Island Life by David Slack

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Island Life: Key and the 'nesians

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  • Paul Campbell,

    yeah, I haven't seen them either, and I did leave the car in the street so they could work - maybe they'll get done today

    Dunedin • Since Nov 2006 • 2152 posts Report Reply

  • andrew llewellyn,

    Although... I got a quotation in June (after requesting one in April) for fixing some broken roof tiles.

    After several visits over the months (starting in October) and ending (touch wood) yesterday, the roof is finally leak free! First time in years.

    Thanks National.

    Since Nov 2006 • 2073 posts Report Reply

  • Che Tibby,

    i was just glad to make it past the guards loading public servants into railcars...

    the back of an envelope • Since Nov 2006 • 2026 posts Report Reply

  • David Slack,

    First they came for the communications managers...

    Devonport • Since Nov 2006 • 599 posts Report Reply

  • andrew llewellyn,

    Have they not sold those railcars yet?

    Since Nov 2006 • 2073 posts Report Reply

  • Che Tibby,

    Have they not sold those railcars yet?

    i think it's a job lot. railcars and excess workers.

    the back of an envelope • Since Nov 2006 • 2026 posts Report Reply

  • andrew llewellyn,

    First they came for the communications managers...

    I dunno... Amanda Binns, National supporter & HNZC communications manager (at one stage anyway), taking one for the team.

    Since Nov 2006 • 2073 posts Report Reply

  • Newsprint,

    I dunno... Amanda Binns, National supporter & HNZC communications manager (at one stage anyway), taking one for the team.

    I'm thinking you could write a Master's thesis based on that photo...

    Wellington • Since Mar 2008 • 42 posts Report Reply

  • Che Tibby,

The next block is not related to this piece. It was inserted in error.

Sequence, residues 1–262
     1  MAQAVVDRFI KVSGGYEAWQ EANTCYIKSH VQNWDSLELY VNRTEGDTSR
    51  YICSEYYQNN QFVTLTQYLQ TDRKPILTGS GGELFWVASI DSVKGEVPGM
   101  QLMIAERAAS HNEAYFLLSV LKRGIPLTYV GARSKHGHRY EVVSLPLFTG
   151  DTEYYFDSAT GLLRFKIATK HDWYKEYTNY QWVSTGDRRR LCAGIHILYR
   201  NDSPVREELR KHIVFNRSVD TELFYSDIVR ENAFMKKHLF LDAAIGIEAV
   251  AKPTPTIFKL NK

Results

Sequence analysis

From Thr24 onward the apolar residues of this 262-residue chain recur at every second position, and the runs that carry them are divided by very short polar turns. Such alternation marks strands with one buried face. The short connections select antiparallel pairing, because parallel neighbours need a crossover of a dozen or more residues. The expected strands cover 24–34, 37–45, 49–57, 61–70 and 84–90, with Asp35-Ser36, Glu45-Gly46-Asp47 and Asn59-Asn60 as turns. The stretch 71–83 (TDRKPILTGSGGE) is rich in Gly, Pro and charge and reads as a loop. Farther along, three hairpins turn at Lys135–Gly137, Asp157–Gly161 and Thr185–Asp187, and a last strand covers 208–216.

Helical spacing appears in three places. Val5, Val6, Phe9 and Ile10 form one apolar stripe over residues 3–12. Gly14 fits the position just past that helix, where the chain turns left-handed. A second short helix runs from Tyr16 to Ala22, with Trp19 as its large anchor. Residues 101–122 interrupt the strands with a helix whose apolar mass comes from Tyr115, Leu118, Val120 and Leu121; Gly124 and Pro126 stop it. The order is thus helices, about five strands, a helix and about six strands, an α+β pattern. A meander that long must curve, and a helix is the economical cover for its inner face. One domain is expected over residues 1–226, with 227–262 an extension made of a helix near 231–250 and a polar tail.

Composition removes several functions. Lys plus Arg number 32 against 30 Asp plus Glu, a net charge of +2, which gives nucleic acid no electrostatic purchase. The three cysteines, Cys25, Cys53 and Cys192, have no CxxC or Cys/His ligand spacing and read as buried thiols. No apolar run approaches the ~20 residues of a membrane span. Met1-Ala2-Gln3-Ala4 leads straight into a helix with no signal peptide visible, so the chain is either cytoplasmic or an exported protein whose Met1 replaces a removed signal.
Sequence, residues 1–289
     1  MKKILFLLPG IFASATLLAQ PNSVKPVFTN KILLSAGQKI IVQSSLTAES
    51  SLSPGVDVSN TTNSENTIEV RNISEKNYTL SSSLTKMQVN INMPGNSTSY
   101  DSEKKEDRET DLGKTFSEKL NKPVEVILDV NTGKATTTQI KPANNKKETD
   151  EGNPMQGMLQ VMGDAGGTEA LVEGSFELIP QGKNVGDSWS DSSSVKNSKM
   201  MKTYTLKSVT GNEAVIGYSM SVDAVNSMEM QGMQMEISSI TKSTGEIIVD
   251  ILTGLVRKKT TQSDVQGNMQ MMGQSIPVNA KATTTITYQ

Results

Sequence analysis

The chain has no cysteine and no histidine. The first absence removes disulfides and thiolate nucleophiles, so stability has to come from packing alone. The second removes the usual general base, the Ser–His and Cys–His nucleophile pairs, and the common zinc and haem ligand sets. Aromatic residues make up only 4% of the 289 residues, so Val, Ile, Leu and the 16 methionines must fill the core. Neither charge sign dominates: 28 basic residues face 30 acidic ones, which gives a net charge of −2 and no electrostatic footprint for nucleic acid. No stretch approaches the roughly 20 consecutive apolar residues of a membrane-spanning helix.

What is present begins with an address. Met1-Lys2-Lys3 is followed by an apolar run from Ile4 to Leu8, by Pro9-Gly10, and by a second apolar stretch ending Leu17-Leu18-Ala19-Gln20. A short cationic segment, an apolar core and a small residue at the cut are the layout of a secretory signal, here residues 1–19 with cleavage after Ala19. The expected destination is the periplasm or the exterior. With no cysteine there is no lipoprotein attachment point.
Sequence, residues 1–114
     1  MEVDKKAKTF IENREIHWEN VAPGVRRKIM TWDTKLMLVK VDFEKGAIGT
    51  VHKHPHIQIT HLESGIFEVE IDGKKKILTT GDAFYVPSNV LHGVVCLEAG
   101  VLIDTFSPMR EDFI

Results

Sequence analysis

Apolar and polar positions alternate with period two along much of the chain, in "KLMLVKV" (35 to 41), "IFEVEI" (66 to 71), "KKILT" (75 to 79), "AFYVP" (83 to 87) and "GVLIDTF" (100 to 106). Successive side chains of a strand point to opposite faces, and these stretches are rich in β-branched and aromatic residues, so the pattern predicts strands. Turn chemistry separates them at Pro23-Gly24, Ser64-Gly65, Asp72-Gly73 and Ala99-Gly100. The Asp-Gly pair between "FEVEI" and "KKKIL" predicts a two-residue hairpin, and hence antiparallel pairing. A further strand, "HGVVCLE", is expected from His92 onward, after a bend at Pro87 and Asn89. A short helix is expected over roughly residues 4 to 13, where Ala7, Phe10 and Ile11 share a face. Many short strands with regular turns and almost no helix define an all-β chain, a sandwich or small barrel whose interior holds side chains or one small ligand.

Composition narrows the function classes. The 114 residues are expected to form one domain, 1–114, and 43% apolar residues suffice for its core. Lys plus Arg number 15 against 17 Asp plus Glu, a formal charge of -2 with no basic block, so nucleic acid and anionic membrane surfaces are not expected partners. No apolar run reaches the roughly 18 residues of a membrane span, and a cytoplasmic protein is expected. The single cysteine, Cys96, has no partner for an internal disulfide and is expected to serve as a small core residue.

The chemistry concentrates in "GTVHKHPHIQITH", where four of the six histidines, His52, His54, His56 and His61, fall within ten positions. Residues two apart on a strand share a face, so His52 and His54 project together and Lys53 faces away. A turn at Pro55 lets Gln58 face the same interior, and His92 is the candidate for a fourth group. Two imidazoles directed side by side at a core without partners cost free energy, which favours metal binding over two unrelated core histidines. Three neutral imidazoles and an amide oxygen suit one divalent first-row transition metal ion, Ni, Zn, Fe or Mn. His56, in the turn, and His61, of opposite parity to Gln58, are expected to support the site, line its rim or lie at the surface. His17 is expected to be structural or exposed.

amanda doesn't look like she works in one of the burgeoning online services comms teams.

    not enough armpit hair.

    the back of an envelope • Since Nov 2006 • 2026 posts Report Reply

  • David Haywood,

    RE: the New Deal and WWII

    Funnily enough, this is also the bit of Reaganomics that never seems to be mentioned...

    The massive post-70s-recession spending on the cold war, i.e. a gargantuan Keynesian knees-up for those in uniform. I seem to recall that it was second only to WWII as a US government borrow-and-hope programme.

    By the way, this observation (c) Carl Crowley 1988 -- not my own...

    Dunsandel • Since Nov 2006 • 987 posts Report Reply

  • andrew llewellyn,

    not enough armpit hair.

    I do hope AManda never visits here, but you know, what struck me when I saw that photo was "She didn't used to be blonde."

    So maybe that explains the attention to grooming.

    Since Nov 2006 • 2073 posts Report Reply

  • David Slack,

    burgeoning online services comms teams.

    This phenomenon deserves more attention. Such people tend to get lumped into the calculation when the "army of government spin doctors" gets counted, and yet that's really not a valid characterisation is it?

    Devonport • Since Nov 2006 • 599 posts Report Reply

  • linger,

    Maybe I missed something, but to me the most obvious feature is that she's signalling she voted twice and is happy she got away with it?

    Tokyo • Since Apr 2007 • 900 posts Report Reply

  • andrew llewellyn,

    when the "army of government spin doctors" gets counted,

    Aside from the odd instance of crisis management (some agencies more prone to them than others), these "armies" exist to process the thousands of parliamentary questions & OIAs. The majority of which are irrelevant (if not incomprehensible) & designed to create a lot of unecessary work.

    Since Nov 2006 • 2073 posts Report Reply